Attacks against U.S. and NATO forces in Afghanistan are escalating, fueled in part, U.S. officials say, by al-Qaida and Taliban militants in Pakistan, who easily cross the border into Afghanistan to join the fight.
So NBC News decided to investigate security at one of Pakistan's busiest border crossings. Two NBC News producers bought tickets for $4 each and boarded a bus in Pakistan, destination Jalalabad, Afghanistan. The route took them from Peshawar, through a major border checkpoint, to Jalalabad.
Their bus full of passengers was waved through the border crossing. Not once in four hours did Pakistani or Afghan guards stop them or check for travel documents.
"Nobody asked us (for) our documents," says producer Iqbal Sapand. "Not only me, there were more than 45 people in that bus."
The next day our producers repeated the process, taking the bus from Afghanistan back to Pakistan. Again, no documents necessary.
"On both sides of the border, nobody checked them," says NBC's Mushtaq Yusufzai.
Locals told NBC it's always this way. One man says he sometimes has a problem if he crosses the border on foot, but never a problem on the bus.
Pakistan's Ambassador to the U.S., Mahmud Ali Durrani, says the sheer volume of cross-border traffic makes it difficult to patrol. He says 200,000 people cross the border every day and it's not possible to check everyone.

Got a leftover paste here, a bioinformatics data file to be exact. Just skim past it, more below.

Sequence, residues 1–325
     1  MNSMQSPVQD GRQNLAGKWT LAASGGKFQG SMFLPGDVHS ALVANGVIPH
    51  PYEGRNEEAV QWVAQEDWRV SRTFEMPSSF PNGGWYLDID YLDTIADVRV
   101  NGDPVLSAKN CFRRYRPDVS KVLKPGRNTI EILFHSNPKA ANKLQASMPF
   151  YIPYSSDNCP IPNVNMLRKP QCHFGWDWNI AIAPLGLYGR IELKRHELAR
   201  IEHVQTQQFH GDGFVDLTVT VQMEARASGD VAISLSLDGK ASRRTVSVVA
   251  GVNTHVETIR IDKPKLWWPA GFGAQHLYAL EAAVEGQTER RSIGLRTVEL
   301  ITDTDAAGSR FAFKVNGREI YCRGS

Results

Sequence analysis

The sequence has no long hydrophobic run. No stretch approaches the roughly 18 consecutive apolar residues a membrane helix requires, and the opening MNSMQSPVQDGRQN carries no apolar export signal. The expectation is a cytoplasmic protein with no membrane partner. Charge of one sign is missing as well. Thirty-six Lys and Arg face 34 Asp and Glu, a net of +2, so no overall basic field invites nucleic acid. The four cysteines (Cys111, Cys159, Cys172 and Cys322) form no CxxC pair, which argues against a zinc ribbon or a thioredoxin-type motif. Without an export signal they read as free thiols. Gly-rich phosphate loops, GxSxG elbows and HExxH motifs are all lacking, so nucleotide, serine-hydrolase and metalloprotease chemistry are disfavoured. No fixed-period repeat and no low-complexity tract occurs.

"Even if there are about 15 or 20,000 people crossing sides, it's almost impossible with the present set up," he says. "We are trying to get there. We need help, and right now it's far from perfect."
Durrani also believes his country is carrying the bulk of the responsibility for border patrol, counting over 1,000 border posts on the Pakistan side, as opposed to around 100 on the Afghan side.
"I think we are doing much more than the other side," he says. "Why do we have to be responsible for everything? Why not the other side, too? I'm not saying this is a good system, but we are trying our best and we are facing opposition."
Pakistani President Pervez Musharraf also is walking a tightrope between domestic political pressures and increased U.S. demands for tighter security.
"If you can't secure the front door to Afghanistan, how can you have any confidence that Pakistan is securing the back door, such as the tribal area where we know al-Qaida is operating right now?" asks NBC News terrorism analyst Roger Cressey.
In fact, militants need not brave the elements and inhospitable mountain terrain to reach Afghanistan — for $4 they can take the bus.